Downturn dynamics: New firms use Indian back offices

June 12th, 2009 - 3:32 pm ICT by IANS  

By Fakir Balaji
Bangalore, June 12 (IANS) Economic meltdown and the US financial crisis have triggered a new trend: while many Western firms are selling off back office operations in India, a clutch of others are rushing in to reap the benefits.

“The global financial crisis has forced many global enterprises to commoditise their captives,” said Som Mittal, who heads sectoral lobby National Association of Software and Service Companies (Nasscom).

“Many in the financial services sector have now begun selling back office operations,” Mittal told IANS.

But he said there’s also a need for outsourcing back office functions. This is luring firms, especially in the tech sector, to set up captives to leverage skills and cost-arbitrage available in India.

“We are seeing new captives being set up by firms that never experienced India. Some of them are discovering the advantage of outsourcing back-office operations through captives or third-party vendors.”

Added Wipro vice-president Ramith Sethi: “We will see more back office captives in India due to easier regulatory framework, technology convergence, human capital and cost-arbitrage. Enterprises will also outsource back-office functions to third-party for lowering operational costs.”

Thanks to the mortgage crisis in the US and recession, American behemoths such as Citigroup, AXA and Aviva have sold or shut down back-office businesses in India. But they have not ignored its talent or cost benefits.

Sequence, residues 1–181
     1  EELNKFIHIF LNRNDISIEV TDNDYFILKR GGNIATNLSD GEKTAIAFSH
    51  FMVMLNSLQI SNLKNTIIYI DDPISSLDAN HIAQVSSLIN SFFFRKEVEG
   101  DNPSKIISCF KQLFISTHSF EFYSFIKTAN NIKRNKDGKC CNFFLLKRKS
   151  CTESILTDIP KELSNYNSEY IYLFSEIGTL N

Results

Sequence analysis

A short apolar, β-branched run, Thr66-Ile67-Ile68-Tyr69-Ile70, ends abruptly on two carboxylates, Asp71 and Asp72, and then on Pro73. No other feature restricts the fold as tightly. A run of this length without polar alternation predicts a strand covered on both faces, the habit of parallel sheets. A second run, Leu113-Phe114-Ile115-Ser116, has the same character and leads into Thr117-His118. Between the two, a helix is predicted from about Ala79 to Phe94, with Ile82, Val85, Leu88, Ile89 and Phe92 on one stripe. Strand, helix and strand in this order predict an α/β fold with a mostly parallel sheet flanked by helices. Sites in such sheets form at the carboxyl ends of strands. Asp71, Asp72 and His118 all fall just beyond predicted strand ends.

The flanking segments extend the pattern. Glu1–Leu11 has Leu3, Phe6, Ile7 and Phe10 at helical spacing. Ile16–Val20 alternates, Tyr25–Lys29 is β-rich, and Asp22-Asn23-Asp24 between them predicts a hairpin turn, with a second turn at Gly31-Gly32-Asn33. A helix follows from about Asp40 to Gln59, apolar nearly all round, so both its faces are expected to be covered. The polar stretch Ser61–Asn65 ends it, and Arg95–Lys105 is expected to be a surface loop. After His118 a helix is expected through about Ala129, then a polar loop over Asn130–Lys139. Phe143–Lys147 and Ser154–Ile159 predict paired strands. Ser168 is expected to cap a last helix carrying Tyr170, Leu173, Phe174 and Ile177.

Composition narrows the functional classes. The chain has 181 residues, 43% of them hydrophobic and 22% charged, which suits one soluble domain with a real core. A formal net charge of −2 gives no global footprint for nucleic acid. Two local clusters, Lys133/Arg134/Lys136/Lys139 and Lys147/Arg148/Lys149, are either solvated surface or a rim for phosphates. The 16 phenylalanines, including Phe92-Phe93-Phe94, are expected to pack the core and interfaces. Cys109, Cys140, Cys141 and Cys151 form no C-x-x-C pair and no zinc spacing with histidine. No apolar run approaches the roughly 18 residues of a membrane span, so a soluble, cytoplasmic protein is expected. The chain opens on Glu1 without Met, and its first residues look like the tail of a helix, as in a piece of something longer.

Last October, Citigroup sold its IT captive to outsourcer Tata Consultancy Services (TCS) for $505 million, and awarded it a nine-year, $2.5-billion contract to provide the services back to it.

Two months later, Citigroup also sold its BPO operations for $127 million to another outsourcer, Wipro, giving the global software major a six-year $500-million deal.

In late May, outsourcing firm Capita finalised takeover of a 600-person captive centre in India from AXA as part of a 15-year, $836-million deal.

Though technology spending has declined in traditional verticals like BFSI (banking, financial services and insurance), manufacturing and retail, areas such as healthcare, education and logistics are adopting IT technologies.

“Enterprises may have lowered IT budgets, but technology requirements have not come down,” Mittal explained.

Many enterprises, though headquartered in the US or Europe, have worldwide operations with subsidiaries and captives in multi-locations.

“As part of their global strategy, if US firms set up shop in India because of its advantages and business potential, it does not mean it is outsourcing but that its global outsourcing is,” Mittal added.

Echoing Mittal’s views, GE Money chief financial officer Jatinder Bhasin said global corporations were bullish about captives and third-party vendors as back office requirements were huge.

“The global back office industry will be about $200 billion by 2010-11, but captives will be able to account for only $33 billion. This leaves huge opportunity for third-party vendors,” Bhasin said.

Multinationals such as Dell, Morgan Stanley and GE Money are growing more domain expertise through Indian captives.

According to Morgan Stanley India managing director Nina Nagpal, captives had better edge in operating back offices, as they are part of the parent company and can move up the value chain with in-house talent.

“There are certain things that captives will have access to that a third-party may not have,” Nagpal added.

(Fakir Balaji can be contacted at

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